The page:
2-Drug Regimens for HIV


Considerations for more widespread use of 2-drug regimens to treat patients with HIV.

Grace McComsey, MD, FIDSA: John, quickly, your minute summary of 2-drug regimens. Do you think what we have available has an advantage to use, specifically dolutegravir/3TC, over other, more classic 3-drug regimens?

John Koethe, MD: The 2-drug regimens are a bit of a shift in the field. In 1996 data came out that the use of multiple drugs at one time was superior to a single drug for the treatment of HIV, and we had this idea of highly active antiretroviral therapy [ART]. It took a while to figure out whether that was 3 or 4 drugs, but eventually the field settled on 3, and it’s only recently that we’re making a shift toward 2 drugs. My personal sense is that the use of 2-drug regimens is something that’s going to continue to gain acceptance in the field, but it’s still a bit early right now. It should be noted, I mentioned before that there are 4 lead drug combinations recommended in the US guidelines for initial ART in people without special considerations. But one of those is the 2-drug regimen of dolutegravir and 3TC. That is a bit limited because again it’s not suitable for rapid start because you do need a genotype before you start that drug regimen to make sure that there’s no resistance to the lamivudine. You also don’t have good efficacy for hepatitis B. There is a need to check for that before. But in individuals where you can wait to start, it does look like it’s a very effective first-line ART agent. There’s a bit of lacking data for those with very high viral loads above 500,000 copies per mL. Below that level it seems to be quite effective. The additional value to this drug can also be in individuals who are treatment experienced as well. There has been a move toward the use of 2-drug regimens in people who already achieved viral suppression but who have a specific reason why you want to shift off of that 3-drug regimen.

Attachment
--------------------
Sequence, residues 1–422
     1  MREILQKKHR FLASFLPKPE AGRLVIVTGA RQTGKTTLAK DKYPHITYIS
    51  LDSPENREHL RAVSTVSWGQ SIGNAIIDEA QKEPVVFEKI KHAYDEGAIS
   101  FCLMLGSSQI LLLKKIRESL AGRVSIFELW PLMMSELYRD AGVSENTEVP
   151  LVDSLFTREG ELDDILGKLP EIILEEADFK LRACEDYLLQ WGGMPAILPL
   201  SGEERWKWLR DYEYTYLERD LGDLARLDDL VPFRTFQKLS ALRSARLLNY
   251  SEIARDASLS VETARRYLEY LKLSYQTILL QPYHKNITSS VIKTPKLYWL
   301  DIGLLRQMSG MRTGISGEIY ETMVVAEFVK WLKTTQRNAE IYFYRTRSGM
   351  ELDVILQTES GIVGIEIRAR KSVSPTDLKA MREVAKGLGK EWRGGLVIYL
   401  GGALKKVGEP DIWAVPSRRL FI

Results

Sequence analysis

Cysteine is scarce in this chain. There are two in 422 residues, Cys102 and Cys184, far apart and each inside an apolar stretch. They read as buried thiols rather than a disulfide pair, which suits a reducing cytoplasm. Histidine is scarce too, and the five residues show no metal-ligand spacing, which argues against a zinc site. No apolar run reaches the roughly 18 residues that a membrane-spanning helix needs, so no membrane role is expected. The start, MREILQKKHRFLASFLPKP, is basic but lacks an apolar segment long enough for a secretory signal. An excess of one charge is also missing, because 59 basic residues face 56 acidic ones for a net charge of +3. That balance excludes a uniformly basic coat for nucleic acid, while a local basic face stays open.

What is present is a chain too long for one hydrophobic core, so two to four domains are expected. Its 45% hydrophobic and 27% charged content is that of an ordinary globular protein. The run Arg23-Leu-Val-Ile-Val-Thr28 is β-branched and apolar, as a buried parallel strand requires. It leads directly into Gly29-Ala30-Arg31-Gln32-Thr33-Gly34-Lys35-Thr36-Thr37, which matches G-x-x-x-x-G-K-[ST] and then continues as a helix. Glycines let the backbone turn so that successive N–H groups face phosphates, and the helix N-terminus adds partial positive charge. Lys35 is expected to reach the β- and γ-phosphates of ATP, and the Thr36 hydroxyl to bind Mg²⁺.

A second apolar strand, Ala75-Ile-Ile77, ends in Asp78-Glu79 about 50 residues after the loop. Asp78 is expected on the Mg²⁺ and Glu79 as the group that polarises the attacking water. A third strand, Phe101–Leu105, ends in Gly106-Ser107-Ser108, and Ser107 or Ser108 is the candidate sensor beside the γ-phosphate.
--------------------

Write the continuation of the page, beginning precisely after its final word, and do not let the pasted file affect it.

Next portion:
Some of the other combinations would be dolutegravir/rilpivirine, and now that we have cabotegravir/rilpivirine injectables coming out, we’re really going to see an understanding and an embrace of 2-drug regimens, particularly as they’re used for long-acting therapy. In terms of the shifts, one of the most interesting things to come out recently has been the results of the TANGO study where we took individuals who were on TAF [tenofovir alafenamide]-containing regimens and switched them to dolutegravir/3TC. They did see a bit of improvement in some of their lipid parameters, particularly their triglycerides, and additionally, some of the HOMA-IR [homeostatic model assessment for insulin resistance], which is a measure of insulin resistance. We saw some decrease there, indicating maybe they were getting a bit more insulin sensitive coming off TAF. But it’s too early. It does show that there’s clearly a place for these 2-drug regimens for some patients.

Grace McComsey, MD, FIDSA: Thank you for watching this ContagionLive® Peer Exchange. If you enjoyed the content, please subscribe to the e-newsletter so you can receive upcoming Peer Exchanges and other great content. Thank you for listening.

Transcript Edited for Clarity

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